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John Kasich blames Washington for Ohio's troubles, but is the real problem closer to home?
Ohio Gov. John Kasich (R) is being investigated by the Federal Bureau of Investigation for allegations that he accepted bribes and used political appointments to reward or punish those that helped or hurt his allies. Kasich has never been thought of as particularly ethical, but these allegations are beyond what we've seen in the past:
A developing story out of Ohio is getting the attention of the progressive press: the FBI is currently investigating claims that Governor John Kasich made promises of political influence and threatened the jobs of those who would not help him replace those in power with his cronies.
Two months ago, Portage County Republican Party Chairman Andrew Manning asked the FBI to investigate the situation after he was offered influence in state government appointments in exchange for stepping down and allowing one of Kasich’s operatives to take his position. Manning’s attorney, David R. Langdon, announced yesterday that the FBI is indeed investigating the claims. In a statement Langdon said,
“FBI agents interviewed Andrew Manning last week. He answered questions about the statements in his affidavit, which he sent to the Justice Department in March of this year, that top allies of Gov. John Kasich offered him special influence over gubernatorial appointments if he agreed not to run for the state GOP central committee.”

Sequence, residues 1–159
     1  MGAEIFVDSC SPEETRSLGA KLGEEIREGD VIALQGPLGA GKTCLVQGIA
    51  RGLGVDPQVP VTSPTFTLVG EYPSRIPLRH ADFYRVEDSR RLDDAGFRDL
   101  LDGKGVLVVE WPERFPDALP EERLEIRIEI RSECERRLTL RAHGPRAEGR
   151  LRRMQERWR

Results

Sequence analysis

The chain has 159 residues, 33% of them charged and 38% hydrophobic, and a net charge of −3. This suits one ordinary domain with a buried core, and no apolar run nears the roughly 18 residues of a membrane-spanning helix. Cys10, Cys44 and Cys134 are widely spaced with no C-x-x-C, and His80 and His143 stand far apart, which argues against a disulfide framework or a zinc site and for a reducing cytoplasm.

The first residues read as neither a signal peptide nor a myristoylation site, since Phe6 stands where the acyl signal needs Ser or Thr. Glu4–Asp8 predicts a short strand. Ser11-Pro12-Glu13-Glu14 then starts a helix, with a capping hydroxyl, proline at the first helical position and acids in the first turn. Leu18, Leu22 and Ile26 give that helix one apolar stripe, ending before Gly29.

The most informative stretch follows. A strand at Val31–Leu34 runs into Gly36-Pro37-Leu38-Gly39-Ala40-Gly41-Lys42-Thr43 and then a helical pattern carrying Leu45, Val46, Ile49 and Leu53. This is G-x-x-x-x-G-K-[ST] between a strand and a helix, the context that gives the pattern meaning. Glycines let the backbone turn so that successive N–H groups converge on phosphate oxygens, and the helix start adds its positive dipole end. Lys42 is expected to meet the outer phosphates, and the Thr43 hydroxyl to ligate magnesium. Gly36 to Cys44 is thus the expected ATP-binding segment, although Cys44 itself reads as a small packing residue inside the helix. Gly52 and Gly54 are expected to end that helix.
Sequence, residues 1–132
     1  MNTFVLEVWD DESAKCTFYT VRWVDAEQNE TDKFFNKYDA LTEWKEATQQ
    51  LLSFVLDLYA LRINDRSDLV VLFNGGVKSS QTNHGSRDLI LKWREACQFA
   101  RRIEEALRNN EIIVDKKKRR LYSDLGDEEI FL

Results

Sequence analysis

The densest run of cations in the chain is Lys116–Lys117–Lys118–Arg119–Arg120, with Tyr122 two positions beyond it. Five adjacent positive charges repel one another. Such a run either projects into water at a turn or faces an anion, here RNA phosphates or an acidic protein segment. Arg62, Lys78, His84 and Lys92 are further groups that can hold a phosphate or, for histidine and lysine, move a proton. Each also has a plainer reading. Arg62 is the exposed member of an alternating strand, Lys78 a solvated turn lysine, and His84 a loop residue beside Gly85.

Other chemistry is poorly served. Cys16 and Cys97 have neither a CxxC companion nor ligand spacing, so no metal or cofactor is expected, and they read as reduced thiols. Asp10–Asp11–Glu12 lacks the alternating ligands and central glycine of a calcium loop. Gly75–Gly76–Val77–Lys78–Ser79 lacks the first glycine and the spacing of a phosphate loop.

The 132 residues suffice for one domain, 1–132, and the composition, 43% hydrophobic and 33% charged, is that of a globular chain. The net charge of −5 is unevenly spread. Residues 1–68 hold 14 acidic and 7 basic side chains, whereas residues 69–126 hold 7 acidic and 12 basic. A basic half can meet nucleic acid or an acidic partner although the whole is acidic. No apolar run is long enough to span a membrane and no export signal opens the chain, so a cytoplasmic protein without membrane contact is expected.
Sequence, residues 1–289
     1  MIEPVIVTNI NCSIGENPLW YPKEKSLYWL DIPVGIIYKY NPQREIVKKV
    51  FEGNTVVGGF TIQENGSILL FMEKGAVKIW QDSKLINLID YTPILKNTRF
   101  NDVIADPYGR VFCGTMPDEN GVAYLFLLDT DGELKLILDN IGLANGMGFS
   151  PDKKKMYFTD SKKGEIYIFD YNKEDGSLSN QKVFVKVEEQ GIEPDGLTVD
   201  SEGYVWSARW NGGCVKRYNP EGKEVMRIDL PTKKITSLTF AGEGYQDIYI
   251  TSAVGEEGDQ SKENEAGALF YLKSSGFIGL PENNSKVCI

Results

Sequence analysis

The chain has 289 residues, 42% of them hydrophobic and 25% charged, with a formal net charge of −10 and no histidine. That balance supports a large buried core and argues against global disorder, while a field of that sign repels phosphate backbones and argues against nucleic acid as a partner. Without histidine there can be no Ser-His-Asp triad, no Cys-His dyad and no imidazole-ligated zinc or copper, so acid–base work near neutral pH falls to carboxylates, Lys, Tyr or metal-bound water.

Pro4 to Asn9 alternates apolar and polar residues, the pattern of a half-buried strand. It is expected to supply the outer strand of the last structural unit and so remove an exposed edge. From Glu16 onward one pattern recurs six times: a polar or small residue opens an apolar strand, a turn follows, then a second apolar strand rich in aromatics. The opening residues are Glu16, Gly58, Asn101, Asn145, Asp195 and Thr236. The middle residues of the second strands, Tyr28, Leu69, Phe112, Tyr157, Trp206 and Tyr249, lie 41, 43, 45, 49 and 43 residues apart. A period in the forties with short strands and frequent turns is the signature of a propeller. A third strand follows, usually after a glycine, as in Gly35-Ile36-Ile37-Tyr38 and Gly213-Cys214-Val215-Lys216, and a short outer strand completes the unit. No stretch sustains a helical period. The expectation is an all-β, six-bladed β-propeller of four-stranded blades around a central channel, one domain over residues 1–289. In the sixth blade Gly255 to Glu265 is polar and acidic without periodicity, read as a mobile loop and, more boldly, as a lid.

He will have no further comment until the investigation has concluded.
According to PlunderBund, this complaint led to several other Ohio GOP figures making similar claims:
Manning’s request to the FBI and local law enforcement was the first in a series of complaints claiming Kasich and his allies used intimidation, threats and promises of influence in order to get their own people on the State Central Committee to vote out former Committee Chairman Kevin DeWine.
While Manning’s complaint focused on Governor’s office employees Ben Kaiser and David Luketic, as well as Alex Arshinkoff (Summit County GOP Chairman) and Bryan Williams (Ohio Board of Education), other complaints have since surfaced against the Governor’s closest allies Doug Preisse and Jai Chabria as well as Mary Taylor and her chief of staff.
Kasich was already in trouble after his assault on working families was rejected by Ohio voters, but, like Scott Walker in Wisconsin, investigations are looking into actions by the governor's administration that goes well beyond just bad policy. Now we're looking at potentially Nixonian dirty tricks.
This mounting evidence suggests that, since his first days in power, the Governor’s main goal has been to oust Kevin DeWine and replace him with someone more willing to do the Kasich Kowtow. When Dewine refused, Kasich used his pull to get his candidates into power. After getting enough power in the committee, he effectively forced DeWine to step down. The new committee then elected Bob Bennett, former state GOP chairman for 20 years prior to DeWine, to finish out the term.